How To Take Care Of An Adopted Rabbit?


Rabbits are the third most popular pet but one of the most neglected. Kept properly they can easily live over 10 years and are intelligent easily learning tricks and routines just like a dog.

All pet rabbits should receive a full health check, be neutered and vaccinated.

Keep reading if you want to re-home your own rabbit, rescue a rabbit, need advice or help with bonding your own rabbits.

Tips of rabbit adoption

  • Please be mindful and do not rehome single rabbits unless they are going to be house rabbits. If you already have a neutered rabbit you can arrange a date with the rescue to try to bond your rabbit with the rabbit you would like to adopt.
  • You should not adopt a rabbit in the lead-up to Christmas or Easter. We are against any animal being given as a gift, please ensure that you are adopting the rabbit after serious thought and not on impulse. This does not apply if you already have a rabbit and are looking for a partner for it.
  • Your new rabbit should have their health/dental checked, neutered, vaccinated (myxomatosis, VHD and the new strain of VHD – VHD2), and given any treatment they need) 

How to house a rabbit?

Rabbits are not designed to live in a confined space. In the wild they cover an area equivalent to 30 football pitches. They’re not designed to live alone either – wild rabbits live in large social groups, foraging, grooming each other and huddling together for warmth. Rabbits living alone experience high levels of stress.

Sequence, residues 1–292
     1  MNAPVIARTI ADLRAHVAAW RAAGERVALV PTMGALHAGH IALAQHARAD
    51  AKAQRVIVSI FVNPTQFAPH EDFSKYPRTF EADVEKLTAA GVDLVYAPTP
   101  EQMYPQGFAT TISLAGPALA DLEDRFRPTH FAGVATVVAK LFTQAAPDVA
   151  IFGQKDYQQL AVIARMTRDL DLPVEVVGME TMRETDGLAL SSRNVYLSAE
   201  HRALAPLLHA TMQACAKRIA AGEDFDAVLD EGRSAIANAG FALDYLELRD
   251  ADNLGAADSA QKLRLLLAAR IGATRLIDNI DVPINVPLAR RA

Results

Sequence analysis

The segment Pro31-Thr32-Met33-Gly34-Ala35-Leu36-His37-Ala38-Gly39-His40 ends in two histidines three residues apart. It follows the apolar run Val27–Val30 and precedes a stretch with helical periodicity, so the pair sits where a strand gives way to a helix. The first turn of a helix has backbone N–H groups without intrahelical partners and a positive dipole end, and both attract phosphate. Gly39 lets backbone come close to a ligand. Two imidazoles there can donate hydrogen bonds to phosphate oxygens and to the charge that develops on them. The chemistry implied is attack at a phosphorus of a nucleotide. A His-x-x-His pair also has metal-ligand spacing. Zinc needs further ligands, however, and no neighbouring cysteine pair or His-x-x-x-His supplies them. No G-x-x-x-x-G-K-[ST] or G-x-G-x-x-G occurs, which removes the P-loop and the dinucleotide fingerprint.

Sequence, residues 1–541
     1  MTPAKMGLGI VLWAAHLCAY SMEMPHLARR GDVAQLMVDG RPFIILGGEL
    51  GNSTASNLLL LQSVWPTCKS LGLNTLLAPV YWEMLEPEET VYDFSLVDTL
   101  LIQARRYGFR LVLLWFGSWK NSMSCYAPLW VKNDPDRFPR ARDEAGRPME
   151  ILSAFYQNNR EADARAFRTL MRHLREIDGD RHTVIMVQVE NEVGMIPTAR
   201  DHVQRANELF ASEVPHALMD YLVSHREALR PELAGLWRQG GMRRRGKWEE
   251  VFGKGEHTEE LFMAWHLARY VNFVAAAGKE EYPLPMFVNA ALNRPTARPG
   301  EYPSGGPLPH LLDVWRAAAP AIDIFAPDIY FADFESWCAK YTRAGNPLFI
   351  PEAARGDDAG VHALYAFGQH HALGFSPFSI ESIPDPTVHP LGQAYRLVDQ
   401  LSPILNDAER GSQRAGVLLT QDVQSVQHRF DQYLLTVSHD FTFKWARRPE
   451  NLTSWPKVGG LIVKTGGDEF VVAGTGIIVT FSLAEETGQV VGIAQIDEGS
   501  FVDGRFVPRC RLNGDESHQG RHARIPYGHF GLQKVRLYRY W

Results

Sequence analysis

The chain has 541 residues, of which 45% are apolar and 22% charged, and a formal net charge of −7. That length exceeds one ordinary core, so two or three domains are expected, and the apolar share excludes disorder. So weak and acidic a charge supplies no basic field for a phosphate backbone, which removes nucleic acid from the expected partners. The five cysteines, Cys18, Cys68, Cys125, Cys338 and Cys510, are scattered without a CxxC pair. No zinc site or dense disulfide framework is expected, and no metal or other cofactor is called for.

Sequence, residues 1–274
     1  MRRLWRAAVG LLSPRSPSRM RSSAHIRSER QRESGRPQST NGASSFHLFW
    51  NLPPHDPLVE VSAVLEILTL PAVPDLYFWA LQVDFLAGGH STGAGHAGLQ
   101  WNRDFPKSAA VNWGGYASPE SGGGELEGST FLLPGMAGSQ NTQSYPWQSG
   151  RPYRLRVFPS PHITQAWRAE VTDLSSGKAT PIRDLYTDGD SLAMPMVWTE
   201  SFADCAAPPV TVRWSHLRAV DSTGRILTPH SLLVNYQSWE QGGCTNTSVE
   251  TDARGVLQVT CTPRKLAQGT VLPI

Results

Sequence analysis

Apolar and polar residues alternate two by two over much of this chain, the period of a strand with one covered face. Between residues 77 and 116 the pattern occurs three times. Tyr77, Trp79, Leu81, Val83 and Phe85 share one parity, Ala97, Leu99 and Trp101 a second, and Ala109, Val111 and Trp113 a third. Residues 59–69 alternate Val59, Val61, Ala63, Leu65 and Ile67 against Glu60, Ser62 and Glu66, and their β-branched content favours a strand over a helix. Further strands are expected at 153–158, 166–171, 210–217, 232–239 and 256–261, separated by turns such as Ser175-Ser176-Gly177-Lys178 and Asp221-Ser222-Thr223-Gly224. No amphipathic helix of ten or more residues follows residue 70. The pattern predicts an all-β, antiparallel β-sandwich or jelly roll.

Domestic rabbits are not fundamentally far removed from their wild cousins.

 They share the same need to run, jump, explore and share companionship with their own kind, so their accommodation must allow them to display these natural behaviours.

We recommend a minimum hutch size of 6′ x 2′ x 2′, which allows rabbits some room to move, stand on their hind legs and enough space for the food, toilet and sleeping areas to be kept apart. It is commonly accepted that a rabbit should have space for 3 hops, but it is commonly underestimated just how far 3 hops is – our tests show that 3 hops from an average sized rabbit covers 6-7 feet!

A hutch should only be a shelter and not the only living space. It should be attached to a secure run of at least 6′ x 4′.

Even better (if you can) is to bring your rabbit into your home to be part of your family. Rabbits are easily litter trained but a lot of care is needed to ‘rabbit proof’ your home for their safety. Telephone wires and cables in particular are tempting treats but can easily be secured out of reach. Many people have an area or room for their rabbits to enjoy their own space in safety when unattended which works very well.

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